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Bringing new products to market

From left: Dipanjan Ghosh, Andrew Olewnik and Rei Yoshinaga are using sensors to correlate product use with consumer opinions. Photo: The Onion Studio.

by Jane Stoyle Welch

Published September 12, 2015

What if a consumer product could “observe itself” and report these observations back to a team of product designers?

That is the central question in an on-going research project that seeks to better measure consumer perceptions and customize products accordingly.

Called cyber-empathic design, the researchers are embedding sensors in a variety of everyday products such as shoes and office chairs. The sensors will be used to provide quantitative and efficient measures of consumer perceptions and how these opinions correspond to product features.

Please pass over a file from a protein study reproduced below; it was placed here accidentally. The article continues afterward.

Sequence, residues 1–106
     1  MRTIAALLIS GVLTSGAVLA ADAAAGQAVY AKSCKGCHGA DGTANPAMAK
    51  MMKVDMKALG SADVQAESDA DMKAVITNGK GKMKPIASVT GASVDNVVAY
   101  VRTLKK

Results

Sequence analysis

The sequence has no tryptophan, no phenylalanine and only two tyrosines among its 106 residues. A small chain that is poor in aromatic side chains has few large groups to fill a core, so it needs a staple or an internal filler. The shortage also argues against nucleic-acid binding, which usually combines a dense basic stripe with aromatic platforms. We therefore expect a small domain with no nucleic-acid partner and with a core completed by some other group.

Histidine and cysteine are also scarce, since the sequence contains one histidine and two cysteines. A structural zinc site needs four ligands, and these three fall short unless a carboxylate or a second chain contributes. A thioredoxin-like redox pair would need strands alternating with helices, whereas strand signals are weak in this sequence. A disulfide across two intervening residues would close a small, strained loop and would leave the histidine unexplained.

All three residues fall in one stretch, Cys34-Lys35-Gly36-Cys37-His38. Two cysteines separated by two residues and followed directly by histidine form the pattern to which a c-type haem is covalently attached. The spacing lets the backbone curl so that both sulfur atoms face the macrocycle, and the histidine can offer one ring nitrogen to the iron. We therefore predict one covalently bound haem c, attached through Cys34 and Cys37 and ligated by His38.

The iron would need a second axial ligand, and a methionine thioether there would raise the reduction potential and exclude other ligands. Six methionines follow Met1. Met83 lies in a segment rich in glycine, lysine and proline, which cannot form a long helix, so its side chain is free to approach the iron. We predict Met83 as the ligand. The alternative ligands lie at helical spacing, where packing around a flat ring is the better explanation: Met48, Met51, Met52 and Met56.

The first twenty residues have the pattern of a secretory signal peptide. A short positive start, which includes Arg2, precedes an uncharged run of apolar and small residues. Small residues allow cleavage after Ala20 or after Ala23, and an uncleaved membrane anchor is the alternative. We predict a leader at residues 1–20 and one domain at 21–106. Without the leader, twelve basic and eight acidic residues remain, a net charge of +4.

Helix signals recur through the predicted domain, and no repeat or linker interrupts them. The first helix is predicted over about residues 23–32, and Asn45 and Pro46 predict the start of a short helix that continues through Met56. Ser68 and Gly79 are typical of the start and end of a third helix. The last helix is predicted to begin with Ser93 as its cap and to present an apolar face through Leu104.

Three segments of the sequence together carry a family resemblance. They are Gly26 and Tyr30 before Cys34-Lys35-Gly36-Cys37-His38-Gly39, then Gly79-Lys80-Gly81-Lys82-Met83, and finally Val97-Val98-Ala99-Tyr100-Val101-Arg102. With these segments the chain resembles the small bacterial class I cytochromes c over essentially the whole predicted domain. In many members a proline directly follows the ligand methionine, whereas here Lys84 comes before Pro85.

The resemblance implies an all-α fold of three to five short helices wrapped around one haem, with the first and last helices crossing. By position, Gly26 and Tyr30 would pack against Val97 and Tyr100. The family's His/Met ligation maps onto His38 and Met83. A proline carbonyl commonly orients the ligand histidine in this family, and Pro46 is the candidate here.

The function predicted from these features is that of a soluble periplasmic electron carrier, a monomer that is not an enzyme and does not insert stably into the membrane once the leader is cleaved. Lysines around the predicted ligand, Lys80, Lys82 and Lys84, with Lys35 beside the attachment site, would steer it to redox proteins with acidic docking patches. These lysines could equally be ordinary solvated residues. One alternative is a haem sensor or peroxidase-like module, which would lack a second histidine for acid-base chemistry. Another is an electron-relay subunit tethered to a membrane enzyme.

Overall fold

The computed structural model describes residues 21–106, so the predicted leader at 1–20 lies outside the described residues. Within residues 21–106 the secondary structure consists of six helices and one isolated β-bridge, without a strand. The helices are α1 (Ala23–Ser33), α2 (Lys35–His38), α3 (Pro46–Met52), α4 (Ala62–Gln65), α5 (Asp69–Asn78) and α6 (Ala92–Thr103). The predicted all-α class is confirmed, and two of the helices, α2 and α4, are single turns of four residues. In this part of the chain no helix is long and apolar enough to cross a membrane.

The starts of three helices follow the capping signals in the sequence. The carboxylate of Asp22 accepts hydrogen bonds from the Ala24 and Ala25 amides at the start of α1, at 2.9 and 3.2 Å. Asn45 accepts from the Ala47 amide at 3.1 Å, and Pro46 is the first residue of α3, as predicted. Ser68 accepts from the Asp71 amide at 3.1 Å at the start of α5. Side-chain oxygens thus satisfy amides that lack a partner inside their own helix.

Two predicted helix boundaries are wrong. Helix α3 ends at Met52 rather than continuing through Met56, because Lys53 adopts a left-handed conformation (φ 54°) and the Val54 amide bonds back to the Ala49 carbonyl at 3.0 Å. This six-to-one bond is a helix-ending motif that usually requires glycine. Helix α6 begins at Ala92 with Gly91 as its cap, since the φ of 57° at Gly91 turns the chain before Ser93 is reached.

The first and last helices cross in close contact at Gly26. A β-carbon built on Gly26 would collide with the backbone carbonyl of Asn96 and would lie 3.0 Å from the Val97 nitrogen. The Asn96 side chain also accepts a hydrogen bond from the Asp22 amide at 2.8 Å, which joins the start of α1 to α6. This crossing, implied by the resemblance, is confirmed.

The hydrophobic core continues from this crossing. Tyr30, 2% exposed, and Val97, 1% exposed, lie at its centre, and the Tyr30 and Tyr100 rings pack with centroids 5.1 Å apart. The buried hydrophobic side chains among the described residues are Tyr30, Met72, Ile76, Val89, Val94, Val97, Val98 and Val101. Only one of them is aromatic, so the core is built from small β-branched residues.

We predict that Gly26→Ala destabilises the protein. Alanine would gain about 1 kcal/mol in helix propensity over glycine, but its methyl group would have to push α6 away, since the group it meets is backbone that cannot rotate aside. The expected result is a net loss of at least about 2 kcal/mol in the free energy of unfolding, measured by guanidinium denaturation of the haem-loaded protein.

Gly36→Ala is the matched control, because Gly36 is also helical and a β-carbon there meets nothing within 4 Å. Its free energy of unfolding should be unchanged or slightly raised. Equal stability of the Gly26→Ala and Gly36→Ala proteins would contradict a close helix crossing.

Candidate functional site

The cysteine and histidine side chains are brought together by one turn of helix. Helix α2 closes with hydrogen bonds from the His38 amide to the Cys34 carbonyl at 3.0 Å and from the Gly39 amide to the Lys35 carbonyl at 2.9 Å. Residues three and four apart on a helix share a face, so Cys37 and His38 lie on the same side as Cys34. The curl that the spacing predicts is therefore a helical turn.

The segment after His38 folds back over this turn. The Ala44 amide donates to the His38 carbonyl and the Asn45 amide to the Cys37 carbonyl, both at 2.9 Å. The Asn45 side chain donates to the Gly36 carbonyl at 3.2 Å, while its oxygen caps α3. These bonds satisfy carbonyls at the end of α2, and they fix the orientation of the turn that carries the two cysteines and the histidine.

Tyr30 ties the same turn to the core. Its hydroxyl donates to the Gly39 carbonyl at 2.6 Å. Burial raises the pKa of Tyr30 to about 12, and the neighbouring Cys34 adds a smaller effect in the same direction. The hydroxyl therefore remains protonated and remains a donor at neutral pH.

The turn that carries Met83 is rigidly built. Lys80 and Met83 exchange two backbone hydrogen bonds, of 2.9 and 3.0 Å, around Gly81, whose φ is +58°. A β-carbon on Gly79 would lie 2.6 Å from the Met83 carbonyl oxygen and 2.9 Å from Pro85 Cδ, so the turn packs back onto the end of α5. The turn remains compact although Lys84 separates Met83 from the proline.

For example, this summer, volunteers at UB’s campus dining services are wearing shoes with a special insert that contains 13 sensors. The sensors monitor such things as foot dynamics, whether the subject walks on the outside of the foot, force of the impact of the foot striking the ground, temperature and other such factors in real-time. The sensor data will then be coupled with survey data and analyzed to inform the design of the shoe.

The results could impact the way that products are designed, tested and manufactured in the future.